A call of conscience is an ethical responsibility where someone essentially asks themselves what kind of person they want to be. The call of conscience is continuous and it “summons” people to the challenge of assuming the ethical responsibility of affirming their freedom through resolute choice (Hyde, 39). A call of conscience pushes one to structure and live their existence in a meaningful and moral way by making a definite decision of how they want to live their life. Call of conscience is a driving force that pushes people to do what is morally right so that they can have a strong sense of self. Furthermore, call of conscience is a call of Being, “the call of Being demands courage from those who remain open to it and, in doing so, stand ready to acknowledge how their ways of thinking and acting may not be as authentic and respectful as they could possibly be” (Hyde, 51). A call of conscience encourages someone to do the right thing, no matter what, even if the person helping someone else has the potential of having negative percussions for doing so. Les Misérables does an excellent job at projecting what call of conscience means, specifically, when Jean Valjean saves Fauchelevent from being crushed under a carriage.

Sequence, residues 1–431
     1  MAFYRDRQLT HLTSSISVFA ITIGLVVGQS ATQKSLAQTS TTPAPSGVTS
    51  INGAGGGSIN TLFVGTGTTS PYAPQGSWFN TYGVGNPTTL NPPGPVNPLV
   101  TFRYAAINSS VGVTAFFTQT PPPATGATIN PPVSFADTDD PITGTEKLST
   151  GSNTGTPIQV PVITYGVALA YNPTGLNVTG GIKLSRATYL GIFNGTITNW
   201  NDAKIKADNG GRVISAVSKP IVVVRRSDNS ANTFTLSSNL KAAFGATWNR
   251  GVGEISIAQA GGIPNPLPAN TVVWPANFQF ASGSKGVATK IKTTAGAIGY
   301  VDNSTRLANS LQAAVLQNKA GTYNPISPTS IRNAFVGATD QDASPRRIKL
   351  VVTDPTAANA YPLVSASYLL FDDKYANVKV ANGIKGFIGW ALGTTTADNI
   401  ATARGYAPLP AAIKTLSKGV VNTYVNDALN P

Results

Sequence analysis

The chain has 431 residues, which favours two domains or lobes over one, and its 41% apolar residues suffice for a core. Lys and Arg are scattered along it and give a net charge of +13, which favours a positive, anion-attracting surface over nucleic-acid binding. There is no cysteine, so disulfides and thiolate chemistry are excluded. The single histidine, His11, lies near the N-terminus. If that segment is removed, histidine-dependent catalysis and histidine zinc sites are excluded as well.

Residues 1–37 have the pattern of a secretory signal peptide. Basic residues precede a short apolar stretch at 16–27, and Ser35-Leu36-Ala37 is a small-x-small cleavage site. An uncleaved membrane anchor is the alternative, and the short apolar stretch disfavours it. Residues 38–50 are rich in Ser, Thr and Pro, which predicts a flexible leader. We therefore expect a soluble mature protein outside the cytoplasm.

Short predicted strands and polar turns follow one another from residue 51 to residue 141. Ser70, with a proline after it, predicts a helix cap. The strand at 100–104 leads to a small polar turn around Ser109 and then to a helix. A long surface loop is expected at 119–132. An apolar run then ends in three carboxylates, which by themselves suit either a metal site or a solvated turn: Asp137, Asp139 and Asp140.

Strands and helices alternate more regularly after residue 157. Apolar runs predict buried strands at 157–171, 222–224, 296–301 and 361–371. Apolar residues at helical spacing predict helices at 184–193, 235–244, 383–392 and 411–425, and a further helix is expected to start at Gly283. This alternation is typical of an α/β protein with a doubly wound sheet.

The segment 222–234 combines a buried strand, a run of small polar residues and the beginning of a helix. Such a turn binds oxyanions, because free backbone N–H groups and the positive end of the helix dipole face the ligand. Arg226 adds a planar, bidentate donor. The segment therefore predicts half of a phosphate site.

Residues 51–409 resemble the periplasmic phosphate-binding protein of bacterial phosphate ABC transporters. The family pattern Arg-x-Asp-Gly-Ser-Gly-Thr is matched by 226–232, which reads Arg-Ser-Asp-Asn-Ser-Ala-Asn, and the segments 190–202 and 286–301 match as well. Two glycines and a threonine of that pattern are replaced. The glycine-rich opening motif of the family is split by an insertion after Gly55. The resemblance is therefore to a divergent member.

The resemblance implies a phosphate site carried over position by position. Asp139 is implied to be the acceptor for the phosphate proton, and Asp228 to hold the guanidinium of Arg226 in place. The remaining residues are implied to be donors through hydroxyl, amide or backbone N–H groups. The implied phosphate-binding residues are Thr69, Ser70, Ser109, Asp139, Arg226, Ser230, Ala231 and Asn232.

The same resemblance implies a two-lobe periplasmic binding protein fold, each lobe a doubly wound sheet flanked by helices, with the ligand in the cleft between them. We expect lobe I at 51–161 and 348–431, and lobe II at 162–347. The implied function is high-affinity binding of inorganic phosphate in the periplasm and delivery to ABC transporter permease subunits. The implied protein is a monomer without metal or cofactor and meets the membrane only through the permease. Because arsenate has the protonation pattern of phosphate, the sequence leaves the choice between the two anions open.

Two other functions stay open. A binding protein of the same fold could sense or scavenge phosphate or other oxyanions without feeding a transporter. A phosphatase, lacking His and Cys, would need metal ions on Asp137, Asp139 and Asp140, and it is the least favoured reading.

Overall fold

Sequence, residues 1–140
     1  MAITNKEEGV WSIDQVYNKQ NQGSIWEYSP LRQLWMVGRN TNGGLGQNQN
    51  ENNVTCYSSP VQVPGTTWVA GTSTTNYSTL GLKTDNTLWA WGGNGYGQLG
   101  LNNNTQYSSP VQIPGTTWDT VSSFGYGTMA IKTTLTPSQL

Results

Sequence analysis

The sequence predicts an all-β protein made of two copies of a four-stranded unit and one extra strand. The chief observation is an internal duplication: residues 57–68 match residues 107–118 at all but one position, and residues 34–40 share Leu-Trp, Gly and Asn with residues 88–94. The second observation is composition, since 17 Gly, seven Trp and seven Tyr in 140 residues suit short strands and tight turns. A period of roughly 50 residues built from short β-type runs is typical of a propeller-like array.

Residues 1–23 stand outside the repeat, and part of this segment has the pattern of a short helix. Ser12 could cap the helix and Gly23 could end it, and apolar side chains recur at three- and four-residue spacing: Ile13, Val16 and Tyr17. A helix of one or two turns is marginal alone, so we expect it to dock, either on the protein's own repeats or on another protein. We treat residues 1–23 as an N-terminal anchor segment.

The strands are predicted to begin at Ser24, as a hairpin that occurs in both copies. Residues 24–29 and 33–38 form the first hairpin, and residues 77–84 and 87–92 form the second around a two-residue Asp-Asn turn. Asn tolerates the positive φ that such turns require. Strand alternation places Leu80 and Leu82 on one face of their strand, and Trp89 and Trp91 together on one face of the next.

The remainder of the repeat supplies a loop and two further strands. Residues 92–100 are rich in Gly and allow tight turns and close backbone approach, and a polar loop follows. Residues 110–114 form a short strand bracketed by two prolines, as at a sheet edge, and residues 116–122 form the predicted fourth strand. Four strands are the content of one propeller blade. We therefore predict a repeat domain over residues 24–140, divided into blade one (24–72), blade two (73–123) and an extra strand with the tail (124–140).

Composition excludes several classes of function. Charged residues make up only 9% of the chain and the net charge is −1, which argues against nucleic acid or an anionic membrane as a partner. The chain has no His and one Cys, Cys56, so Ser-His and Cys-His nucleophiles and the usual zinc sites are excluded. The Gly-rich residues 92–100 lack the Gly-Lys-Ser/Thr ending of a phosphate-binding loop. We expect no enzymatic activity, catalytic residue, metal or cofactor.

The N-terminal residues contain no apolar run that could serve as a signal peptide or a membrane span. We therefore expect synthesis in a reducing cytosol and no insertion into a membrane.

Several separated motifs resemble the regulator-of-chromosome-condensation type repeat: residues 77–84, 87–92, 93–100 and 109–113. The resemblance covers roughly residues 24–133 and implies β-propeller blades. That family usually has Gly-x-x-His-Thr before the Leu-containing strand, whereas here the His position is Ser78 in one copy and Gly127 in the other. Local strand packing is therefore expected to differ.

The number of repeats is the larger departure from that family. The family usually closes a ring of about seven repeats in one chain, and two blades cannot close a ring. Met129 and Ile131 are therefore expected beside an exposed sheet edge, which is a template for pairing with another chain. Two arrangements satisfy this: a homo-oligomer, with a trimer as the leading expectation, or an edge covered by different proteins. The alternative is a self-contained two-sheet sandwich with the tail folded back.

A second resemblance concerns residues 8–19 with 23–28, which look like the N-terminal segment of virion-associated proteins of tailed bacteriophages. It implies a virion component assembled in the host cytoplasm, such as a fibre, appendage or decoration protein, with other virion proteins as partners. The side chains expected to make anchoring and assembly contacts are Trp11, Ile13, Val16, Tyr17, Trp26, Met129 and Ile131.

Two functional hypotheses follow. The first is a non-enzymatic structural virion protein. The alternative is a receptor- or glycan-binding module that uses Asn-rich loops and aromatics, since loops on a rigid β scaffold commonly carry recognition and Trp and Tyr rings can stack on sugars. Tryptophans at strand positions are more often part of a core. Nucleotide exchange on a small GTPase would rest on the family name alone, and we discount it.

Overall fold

Fauchelevent calls out “where art thou?,” “help, who is a good fellow to save an old man?” cried old Fauchelevent (Hugo, 109). Everyone is standing around leaving poor Fauchelevent to die. Valjean tries to find an alternative way of saving Fauchelevent,